I’ve thought a lot about that interaction since. I know it doesn’t hold a candle to uncomfortable interactions other authors have had with members of the public over the years. But I try to analyze moments like this when they pop up to better prepare me for the next one. I’m a classic staircase wit where I’m nothing better than a deer in headlights in the moment. It’s only after I’ve retired from the hum and buzz of a public interaction that any cleverness returns, far too late for a rescue.

As a publishing professional trying to drum up support for a debut, I’m always fearful that any negative interaction could affect my ability to get another project published—not true of course, but the little voice in my head doesn’t know that. After reviewing that conversation, however, I don’t think there was anything I could have said to salvage that interaction—to make the sale, as it were. He was being provocative at best, trying to set me down at worst, for having the temerity to center the female experience in my story.

So much of writing—writing for publication, that is—is getting enough people to decide, “hey, this is great,” and getting even more people to read it, preferably giving up their cold hard cash for the opportunity to do so. The business side of writing leads to this mindset that we must go after every potential reader and find a way to convince them we’re worth their time and money. That each missed opportunity is why our numbers suck, that if we could only convince this one other person we’d all be bestsellers and shortlisted for all the awards. A bruising cycle that only ends when you either quit writing or pick out a penname to start over.

It’s not worth it. Even for someone like me where my little book could use all the help it can get. But if someone is going to approach my book from such a perspective, there’s something freeing in deciding: my dude, my work is not for you.

These aren’t the droids you’re looking for.

You can find such sentiment online, often in pithy tweets that read like affirmations in our current political climate made by women stronger and/or more experienced than me in navigating the intersection of art and economics in a broken world. Sometimes it feels a little like settling, knowing your work can never have the reach you’ve dreamed of. Or maybe I should feel driven to succeed despite that dude and all the others like him, even if it feels like crawling uphill over shards of glass. I don’t know. Of course, I’m still writing, but my wide-eyed naiveté has taken a critical hit, and I’m not sure I can afford that, not when that naiveté is what allowed me to pursue writing in the first place.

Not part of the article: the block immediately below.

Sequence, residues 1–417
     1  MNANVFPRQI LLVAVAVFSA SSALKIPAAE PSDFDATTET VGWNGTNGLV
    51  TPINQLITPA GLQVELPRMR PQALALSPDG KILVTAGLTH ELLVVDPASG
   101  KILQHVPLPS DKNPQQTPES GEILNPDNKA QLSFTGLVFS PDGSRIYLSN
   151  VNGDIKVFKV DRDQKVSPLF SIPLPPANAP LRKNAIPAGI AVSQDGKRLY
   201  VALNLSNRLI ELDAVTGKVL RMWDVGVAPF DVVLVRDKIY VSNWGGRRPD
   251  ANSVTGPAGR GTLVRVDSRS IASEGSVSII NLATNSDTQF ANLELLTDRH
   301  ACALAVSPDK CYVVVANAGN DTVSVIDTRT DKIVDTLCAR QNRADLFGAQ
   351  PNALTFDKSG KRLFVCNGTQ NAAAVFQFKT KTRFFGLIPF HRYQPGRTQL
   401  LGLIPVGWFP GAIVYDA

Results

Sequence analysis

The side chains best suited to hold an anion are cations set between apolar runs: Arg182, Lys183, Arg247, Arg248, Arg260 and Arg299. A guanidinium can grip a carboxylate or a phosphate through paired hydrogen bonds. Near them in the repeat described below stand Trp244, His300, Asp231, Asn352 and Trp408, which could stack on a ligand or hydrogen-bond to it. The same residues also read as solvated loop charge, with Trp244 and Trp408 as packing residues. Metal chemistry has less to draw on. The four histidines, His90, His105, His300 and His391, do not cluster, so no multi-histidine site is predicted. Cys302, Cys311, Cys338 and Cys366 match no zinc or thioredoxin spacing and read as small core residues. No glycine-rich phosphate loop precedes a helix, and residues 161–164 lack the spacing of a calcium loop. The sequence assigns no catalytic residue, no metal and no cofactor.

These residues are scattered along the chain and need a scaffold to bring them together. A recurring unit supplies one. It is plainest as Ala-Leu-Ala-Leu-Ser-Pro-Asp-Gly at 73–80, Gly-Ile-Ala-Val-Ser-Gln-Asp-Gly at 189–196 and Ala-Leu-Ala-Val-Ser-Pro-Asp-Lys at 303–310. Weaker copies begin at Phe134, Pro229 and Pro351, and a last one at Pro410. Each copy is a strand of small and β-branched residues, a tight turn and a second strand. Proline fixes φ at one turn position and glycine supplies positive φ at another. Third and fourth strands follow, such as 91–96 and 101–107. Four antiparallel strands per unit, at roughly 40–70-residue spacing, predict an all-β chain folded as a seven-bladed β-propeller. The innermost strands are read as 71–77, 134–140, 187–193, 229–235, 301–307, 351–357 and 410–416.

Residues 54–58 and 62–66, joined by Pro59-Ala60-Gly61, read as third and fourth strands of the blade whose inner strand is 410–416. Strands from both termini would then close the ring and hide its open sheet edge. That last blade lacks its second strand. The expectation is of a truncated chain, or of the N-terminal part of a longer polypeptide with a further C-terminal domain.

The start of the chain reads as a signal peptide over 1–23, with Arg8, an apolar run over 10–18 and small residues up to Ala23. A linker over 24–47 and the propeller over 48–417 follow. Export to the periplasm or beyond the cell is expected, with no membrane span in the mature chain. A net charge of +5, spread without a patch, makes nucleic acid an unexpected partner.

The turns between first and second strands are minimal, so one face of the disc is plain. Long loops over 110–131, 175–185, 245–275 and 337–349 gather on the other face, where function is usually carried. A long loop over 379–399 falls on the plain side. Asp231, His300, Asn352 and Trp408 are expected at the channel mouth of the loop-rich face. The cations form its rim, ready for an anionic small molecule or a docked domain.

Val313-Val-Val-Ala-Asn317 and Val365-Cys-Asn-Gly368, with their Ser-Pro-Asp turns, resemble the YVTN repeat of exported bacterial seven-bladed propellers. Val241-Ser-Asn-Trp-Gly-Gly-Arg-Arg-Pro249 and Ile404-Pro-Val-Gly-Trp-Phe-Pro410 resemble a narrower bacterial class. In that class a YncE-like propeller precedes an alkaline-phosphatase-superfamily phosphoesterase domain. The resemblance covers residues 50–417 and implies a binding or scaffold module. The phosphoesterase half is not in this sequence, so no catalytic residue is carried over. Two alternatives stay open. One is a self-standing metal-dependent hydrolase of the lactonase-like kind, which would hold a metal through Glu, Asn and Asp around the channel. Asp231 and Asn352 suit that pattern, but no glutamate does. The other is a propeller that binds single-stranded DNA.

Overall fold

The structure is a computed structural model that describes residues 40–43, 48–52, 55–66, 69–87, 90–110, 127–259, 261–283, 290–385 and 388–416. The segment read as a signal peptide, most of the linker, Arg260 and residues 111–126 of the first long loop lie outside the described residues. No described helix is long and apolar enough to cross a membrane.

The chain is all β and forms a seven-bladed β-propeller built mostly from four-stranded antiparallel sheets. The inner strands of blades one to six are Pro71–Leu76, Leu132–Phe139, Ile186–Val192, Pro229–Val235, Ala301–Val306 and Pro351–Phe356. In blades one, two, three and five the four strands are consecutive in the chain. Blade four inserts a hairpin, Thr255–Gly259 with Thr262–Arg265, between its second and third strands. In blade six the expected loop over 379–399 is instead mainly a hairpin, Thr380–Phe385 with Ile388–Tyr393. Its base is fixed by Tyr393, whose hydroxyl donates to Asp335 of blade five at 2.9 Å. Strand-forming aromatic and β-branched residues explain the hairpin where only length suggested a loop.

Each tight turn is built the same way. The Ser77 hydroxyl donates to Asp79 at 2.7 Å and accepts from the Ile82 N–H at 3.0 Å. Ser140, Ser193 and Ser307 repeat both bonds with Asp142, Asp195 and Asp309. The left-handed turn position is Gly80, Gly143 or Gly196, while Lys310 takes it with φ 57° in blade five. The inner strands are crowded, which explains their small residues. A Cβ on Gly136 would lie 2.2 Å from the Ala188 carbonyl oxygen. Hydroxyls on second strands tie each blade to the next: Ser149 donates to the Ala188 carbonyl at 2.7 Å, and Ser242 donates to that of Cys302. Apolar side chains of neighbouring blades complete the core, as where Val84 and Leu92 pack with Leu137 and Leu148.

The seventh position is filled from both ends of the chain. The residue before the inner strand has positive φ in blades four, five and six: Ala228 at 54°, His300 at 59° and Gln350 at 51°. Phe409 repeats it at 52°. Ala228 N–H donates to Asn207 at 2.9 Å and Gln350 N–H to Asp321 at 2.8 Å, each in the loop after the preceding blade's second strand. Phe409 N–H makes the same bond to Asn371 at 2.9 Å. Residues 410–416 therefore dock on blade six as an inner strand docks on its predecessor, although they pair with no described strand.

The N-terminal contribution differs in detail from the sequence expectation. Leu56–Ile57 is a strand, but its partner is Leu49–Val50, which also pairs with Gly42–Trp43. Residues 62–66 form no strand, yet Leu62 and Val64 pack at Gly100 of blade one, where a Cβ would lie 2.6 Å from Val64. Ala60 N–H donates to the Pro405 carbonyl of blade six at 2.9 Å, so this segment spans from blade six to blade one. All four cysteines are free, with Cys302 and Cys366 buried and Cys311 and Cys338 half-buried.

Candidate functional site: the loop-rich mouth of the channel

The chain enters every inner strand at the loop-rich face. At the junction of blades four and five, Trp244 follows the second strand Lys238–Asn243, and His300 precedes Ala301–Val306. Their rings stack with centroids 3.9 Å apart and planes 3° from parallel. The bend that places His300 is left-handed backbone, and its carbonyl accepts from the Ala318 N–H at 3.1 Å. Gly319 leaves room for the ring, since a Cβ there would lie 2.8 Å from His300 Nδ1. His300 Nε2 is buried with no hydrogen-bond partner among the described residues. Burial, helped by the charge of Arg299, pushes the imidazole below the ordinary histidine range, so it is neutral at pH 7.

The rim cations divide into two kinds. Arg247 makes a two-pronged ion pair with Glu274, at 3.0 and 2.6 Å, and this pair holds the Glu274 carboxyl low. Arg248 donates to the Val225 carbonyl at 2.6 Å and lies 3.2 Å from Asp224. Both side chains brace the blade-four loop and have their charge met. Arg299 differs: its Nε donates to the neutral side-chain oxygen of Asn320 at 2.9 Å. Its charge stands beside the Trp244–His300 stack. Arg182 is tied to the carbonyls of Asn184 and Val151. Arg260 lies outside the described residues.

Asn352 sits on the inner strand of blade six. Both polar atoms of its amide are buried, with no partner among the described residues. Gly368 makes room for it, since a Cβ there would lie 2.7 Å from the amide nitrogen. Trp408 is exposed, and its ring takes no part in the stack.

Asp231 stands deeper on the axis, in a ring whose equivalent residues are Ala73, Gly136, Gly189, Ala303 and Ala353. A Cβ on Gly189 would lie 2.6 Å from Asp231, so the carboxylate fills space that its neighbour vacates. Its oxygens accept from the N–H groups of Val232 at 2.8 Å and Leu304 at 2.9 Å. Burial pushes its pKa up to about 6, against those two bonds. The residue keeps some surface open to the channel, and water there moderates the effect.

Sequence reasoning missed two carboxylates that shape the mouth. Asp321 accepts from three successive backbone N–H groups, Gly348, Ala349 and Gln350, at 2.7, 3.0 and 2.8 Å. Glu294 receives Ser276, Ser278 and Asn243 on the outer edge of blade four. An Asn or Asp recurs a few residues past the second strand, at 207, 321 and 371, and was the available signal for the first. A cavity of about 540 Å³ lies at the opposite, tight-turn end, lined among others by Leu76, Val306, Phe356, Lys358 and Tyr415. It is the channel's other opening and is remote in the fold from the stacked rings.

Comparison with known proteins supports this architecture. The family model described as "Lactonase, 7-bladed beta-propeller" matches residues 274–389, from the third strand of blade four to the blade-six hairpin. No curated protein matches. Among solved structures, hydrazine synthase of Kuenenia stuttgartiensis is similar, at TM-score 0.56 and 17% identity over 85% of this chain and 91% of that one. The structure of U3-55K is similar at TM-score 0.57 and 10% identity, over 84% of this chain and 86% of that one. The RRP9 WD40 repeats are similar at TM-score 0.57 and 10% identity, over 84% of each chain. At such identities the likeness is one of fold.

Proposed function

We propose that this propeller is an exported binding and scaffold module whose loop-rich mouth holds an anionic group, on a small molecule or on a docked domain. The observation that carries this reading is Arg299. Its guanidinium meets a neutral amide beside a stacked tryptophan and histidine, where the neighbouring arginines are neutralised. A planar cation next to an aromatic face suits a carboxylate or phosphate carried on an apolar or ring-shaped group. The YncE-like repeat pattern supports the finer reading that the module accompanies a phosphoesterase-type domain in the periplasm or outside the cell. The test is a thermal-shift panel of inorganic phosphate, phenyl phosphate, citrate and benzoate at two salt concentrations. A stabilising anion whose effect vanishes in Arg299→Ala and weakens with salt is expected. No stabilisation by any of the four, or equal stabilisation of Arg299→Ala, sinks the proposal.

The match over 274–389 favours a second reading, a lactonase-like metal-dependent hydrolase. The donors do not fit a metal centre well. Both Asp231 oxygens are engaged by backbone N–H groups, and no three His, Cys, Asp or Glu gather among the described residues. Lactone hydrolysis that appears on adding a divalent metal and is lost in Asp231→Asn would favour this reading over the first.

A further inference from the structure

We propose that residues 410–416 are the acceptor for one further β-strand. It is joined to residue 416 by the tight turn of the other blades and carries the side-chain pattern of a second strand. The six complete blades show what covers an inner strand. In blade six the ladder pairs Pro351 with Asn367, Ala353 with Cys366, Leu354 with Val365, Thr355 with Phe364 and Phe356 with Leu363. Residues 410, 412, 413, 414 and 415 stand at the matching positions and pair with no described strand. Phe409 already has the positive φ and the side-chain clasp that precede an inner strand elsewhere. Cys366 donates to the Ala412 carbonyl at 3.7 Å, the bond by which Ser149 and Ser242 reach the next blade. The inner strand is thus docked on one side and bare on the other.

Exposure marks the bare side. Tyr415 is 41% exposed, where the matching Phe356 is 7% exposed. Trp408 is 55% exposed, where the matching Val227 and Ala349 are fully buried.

It’s just one guy, right? Why am I even letting myself get caught up in all this? Maybe it’s the people-pleaser in me. Maybe it’s a way for me to give other writers out there a head’s up about the world we’re so desperate to be a part of, a toolkit for deciding how and when to cut your losses.

And maybe, like Emery, I’m trying to protect my future self from another no-win situation, where the best choice is to walk away and keep writing, no matter what.

Implanted Launch Party!

This past weekend was the Implanted launch party in Albuquerque. Yes, the book has been out for little over a month, but considering my convention travel schedule in August and other logistical difficulties that popped up, this was the soonest we could manage it. And of course, I wanted to have it at my local indie Page 1 Books.

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Hugo/Nebula/Campbell winner Rebecca Roanhorse joined me, and we both read from our respective debuts and took questions from the packed audience. I happily sold out of all my books, which was a great feeling. Then it was to my house for an after party featuring tacos, champagne, cake, and much merry-making.

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I love to cook, and with the help of my husband, we made carnitas, pollo pibil, and lots of salsas, sides, and toppings. He even made an apple pie featuring the apples from our tree in the backyard.